Yesterday marked the one year anniversary of Operation Neptune Spear — the late night slaying of 9/11 mastermind Osama Bin Laden by SEAL Team Six. Millions of Americans felt a huge weight leap off their shoulders after receiving the earthshaking news that the brains behind the massacre had been blown to smithereens.
It is completely understandable for the friends and families of victims, armed forces, and any average American to solemnly meditate and exhale. But yesterday’s anniversary should be more than a moment to rest; it should also be a time to act upon one of the longest awaited tomorrows. The apex of America’s response to 9/11 should not be solely measured by what happens in Afghanistan, Pakistan, Iraq, or Iran, but by what happens on the very grounds that the attacks took place. Hence, the healing process is tremendously contingent upon the climate and culture that is being reshaped in Lower Manhattan.
One of the greatest responses since the attacks is the recent milestone reached by the 100-story One World Trade Center, formerly known as the Freedom Tower. After 11 years of back-and-forth negotiations and a seemingly impossible agreement on its name, owner, design, size and location, it has surpassed the Empire State Building as the tallest building in New York. The opening of One World Trade Center in 2013 and the eventual completion of five other sky scrapers and a transportation hub by 2020 are by far greater feats that ought to be lauded by the public.
Perhaps just as breathtaking as the Towers themselves is the flawless economic recovery in Lower Manhattan (disregarding job losses that are exclusively attributed to 2008’s recession). With 130 additional companies, a 78% increase in the number of hotel rooms and a residential population that has more than doubled to nearly 60,000 since the attacks, Lower Manhattan’s economic resilience is more than breath taking. Surely, its rebound deserves far more accolade than it has received in the media.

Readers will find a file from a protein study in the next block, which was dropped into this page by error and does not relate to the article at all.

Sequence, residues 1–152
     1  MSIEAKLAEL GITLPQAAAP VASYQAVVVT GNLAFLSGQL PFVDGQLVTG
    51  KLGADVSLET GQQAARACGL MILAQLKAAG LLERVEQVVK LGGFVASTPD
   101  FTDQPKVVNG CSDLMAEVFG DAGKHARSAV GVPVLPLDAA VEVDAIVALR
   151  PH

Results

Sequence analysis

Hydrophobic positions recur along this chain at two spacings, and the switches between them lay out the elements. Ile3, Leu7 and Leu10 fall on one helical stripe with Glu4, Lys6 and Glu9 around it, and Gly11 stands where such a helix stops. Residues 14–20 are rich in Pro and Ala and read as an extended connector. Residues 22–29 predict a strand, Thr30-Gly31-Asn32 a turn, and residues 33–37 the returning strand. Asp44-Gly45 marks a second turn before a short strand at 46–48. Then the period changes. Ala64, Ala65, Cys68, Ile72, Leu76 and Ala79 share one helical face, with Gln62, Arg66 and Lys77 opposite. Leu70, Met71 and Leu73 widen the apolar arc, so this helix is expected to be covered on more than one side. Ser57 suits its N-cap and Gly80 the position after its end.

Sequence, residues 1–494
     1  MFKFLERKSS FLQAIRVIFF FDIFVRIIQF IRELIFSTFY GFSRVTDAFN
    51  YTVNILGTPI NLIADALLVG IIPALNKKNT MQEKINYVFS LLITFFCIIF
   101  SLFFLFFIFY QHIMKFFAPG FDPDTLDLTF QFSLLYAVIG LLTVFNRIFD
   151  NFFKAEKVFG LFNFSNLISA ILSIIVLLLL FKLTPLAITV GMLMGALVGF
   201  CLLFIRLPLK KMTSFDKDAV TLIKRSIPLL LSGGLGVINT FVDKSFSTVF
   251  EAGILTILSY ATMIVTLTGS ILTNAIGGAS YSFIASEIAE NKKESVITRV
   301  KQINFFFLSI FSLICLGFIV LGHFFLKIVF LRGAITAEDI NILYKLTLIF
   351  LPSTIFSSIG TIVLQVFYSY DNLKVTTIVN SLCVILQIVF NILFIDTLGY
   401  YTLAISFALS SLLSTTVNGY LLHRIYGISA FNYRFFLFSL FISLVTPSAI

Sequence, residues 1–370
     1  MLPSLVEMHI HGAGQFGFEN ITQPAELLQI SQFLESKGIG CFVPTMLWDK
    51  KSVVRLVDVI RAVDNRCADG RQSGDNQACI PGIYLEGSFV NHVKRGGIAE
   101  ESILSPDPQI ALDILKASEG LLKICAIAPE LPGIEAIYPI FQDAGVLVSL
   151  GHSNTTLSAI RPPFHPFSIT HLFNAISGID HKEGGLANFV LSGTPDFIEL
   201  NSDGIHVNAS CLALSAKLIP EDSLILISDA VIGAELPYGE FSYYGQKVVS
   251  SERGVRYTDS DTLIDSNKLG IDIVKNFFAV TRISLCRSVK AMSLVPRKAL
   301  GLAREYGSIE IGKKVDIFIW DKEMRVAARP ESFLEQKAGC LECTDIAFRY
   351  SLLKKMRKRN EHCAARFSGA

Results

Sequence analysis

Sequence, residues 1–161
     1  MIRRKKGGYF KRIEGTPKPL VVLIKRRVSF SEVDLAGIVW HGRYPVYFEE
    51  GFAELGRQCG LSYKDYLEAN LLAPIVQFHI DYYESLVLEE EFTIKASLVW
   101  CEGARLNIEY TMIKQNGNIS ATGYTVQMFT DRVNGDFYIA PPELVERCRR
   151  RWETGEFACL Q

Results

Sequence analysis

But the response must not stop there; a new and improved makeup of Lower Manhattan must include several bold, yet fundamentally American, steps. One of those steps includes the success of Park51 — an Islamic multi-cultural center filled with interfaith-based programs and activities for all Americans. Though the project has encountered hoards of inexplicable and simply befuddling scrutiny, NYC Mayor Michael Bloomberg already gave it his all to make a push for the cultural center. Despite its ability to overcome so many man-made hurdles, the project hasn’t even commenced. Some may reasonably argue that Park51 was successful in promoting a long overdue confrontation between American inclusiveness and paranoia. However, it never truly had the funding or stable leadership to become much more than a dialogue and an art exhibit.
Another important post-9/11 milestone that must be met is the success of the Zadroga Act. The bill, which is named after the first 9/11 responder to die from toxins directly linked to Ground Zero, allocates $2.8 billion to the Victim Compensation Fund for sick responders. However, much of the controversy surrounding the bill is based on what, if any, cancers to include under its health coverage. As Congress’ 15-member appointed panel continues to debate over whether or not there is a direct correlation between certain cancerous conditions and Ground Zero toxins, or if it developed from elsewhere over the years, some of the bravest Americans are ailing and suffering the consequences. A swifter and thorough review and inclusion of cancerous conditions should be agreed upon to ensure that we medically and financially assist responders as they struggle to heal on their own.
Between One World Trade Center, the resilience of Lower Manhattan and the unfinished all American commitments in the Zadroga Act and Partk51, there are plenty of things for us to evaluate in our post-9/11 goals and achievements. Osama Bin Laden’s death provided closure for some, but illuminated the pathway to finish our domestic commitments for all of us. As President Barack Obama said in his speech in Afghanistan, it is most important that we form “a united America of grit and resilience, where sunlight glistens off soaring new towers in downtown Manhattan, and we build our future as one people, as one nation.” The brightest and darkest days overseas are hardly as uplifting as the successes on our own front lawn.